Transitioning to College for Commuters

Transitioning to College for Students and their Families

Commuter students face many challenges similar to on-campus students: making new friends, managing time, finding ways to get involved on their campus, and handling finances for college. 

Many students choose to commute for several reasons:

  • Finances
  • Family life
  • Desire not to live in residence halls
  • Cultural standards to keep family members together
  • The comfort of their own house, privacy, and the family menu

Tips for Students Transitioning to College for Commuter Students:

  • Get involved on campus. Getting involved on campus helps students meet friends, feel more connected to their college experience, and gain valuable leadership skills. You can get involved by joining a student organization, participating in intramural sports, attending athletic events, and participating in other programs on campus. For more information, visit
  • Working on campus. Working on campus will help you make friends, get to know university administrators, and learn valuable skills that will benefit you in the future. For a listing of available opportunities, visit
  • Connect with the Rutgers Commuter Student Association (RCSA). RCSA is a volunteer student organization whose primary interest is to advocate and fulfill the needs and interests of off-campus and commuter students. They hold twice-monthly meetings where students’ voices, concerns, and opinions can be heard and delegated to appropriate members of the Rutgers community. RCSA also encourages student involvement through a variety of events and programs. For more information, visit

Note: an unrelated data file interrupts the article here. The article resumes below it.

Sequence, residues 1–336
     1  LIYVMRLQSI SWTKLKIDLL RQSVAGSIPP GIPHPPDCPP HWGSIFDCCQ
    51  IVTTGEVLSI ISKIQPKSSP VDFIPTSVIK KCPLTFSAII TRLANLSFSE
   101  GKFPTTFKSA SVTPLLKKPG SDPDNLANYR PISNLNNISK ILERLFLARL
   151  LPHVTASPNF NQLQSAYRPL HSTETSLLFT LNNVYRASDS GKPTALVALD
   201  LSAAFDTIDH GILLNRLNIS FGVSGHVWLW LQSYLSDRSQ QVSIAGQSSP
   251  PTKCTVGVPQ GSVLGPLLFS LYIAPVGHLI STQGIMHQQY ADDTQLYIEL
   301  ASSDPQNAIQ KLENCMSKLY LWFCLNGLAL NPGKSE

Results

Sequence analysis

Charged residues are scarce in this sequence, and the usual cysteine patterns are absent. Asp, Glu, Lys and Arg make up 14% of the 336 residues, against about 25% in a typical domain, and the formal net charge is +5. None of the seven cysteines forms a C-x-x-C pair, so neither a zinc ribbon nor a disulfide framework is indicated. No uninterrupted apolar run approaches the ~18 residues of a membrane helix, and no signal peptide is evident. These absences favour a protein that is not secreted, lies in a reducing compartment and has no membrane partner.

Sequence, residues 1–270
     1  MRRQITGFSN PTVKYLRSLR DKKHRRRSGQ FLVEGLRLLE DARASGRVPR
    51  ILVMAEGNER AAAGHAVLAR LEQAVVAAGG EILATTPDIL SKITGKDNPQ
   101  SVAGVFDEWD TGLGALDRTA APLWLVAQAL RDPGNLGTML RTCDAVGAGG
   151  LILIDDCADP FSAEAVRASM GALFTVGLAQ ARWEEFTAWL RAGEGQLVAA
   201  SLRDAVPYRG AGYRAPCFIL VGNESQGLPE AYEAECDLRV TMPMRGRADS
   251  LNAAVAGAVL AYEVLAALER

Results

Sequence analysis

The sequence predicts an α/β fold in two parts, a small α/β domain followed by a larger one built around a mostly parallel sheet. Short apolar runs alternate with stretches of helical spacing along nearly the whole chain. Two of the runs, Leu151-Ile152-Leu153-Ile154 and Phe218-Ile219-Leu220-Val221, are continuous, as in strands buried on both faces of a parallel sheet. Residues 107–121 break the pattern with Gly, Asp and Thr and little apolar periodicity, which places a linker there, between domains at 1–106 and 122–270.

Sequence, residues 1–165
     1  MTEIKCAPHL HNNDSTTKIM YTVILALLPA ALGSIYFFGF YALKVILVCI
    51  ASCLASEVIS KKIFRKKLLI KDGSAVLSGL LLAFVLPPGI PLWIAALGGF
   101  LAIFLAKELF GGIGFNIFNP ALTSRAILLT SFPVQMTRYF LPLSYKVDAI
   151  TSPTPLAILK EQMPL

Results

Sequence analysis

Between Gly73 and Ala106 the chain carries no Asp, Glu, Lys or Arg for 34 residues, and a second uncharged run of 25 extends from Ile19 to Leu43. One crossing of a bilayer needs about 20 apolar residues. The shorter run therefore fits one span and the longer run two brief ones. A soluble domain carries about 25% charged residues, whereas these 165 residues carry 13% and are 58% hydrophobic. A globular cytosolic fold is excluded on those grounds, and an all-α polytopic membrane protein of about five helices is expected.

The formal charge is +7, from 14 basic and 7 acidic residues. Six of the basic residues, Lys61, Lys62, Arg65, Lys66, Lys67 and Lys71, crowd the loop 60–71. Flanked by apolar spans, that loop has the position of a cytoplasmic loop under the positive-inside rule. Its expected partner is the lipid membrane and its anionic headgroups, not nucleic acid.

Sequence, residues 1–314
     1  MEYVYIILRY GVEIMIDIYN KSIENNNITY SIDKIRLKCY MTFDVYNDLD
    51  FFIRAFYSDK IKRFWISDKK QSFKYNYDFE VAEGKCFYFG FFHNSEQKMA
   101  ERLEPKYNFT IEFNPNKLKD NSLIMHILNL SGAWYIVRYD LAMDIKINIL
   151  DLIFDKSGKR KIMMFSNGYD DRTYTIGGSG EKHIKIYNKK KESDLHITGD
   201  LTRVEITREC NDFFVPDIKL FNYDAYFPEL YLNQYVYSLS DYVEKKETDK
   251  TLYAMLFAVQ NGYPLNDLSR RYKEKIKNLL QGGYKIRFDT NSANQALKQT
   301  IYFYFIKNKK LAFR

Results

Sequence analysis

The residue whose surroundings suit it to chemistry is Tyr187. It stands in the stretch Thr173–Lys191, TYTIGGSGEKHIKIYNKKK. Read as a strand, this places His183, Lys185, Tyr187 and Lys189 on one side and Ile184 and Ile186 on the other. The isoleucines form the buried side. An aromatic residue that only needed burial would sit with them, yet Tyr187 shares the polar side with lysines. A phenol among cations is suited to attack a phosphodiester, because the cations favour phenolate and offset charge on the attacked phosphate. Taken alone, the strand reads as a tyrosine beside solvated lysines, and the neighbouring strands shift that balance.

Tips for Parents and Family Members for their Commuter Student:

  • Acknowledge the commute. Recognize that your student is spending time waiting for the bus or train to get to school. Help by checking up on the traffic and bus/train schedule. Assisting in the commute will help your student feel that you think their commute is important to you.
  • Acknowledge your student’s commitment to academics. Open your flexibility for family household responsibilities because college curriculum is more demanding than high school. Be proud of your student’s academic accomplishments.
  • Be alert to stressful times. Midterms, finals, group projects, and quizzes are very stressful for your student. Lightening the load at home by taking over chores, providing treats, or filling the gas tank during tough times are much appreciated by your student.
  • Encourage your student to make friends at Rutgers by staying on campus during athletic events and other student activities. Students feel more committed to college when they’re involved more on campus.
  • Be aware of campus news and events. By acknowledging the importance of what’s happening at the university, your students will too. 

For more information on transitioning to college for students and their family members, please visit the Rutgers University New Student Orientation website.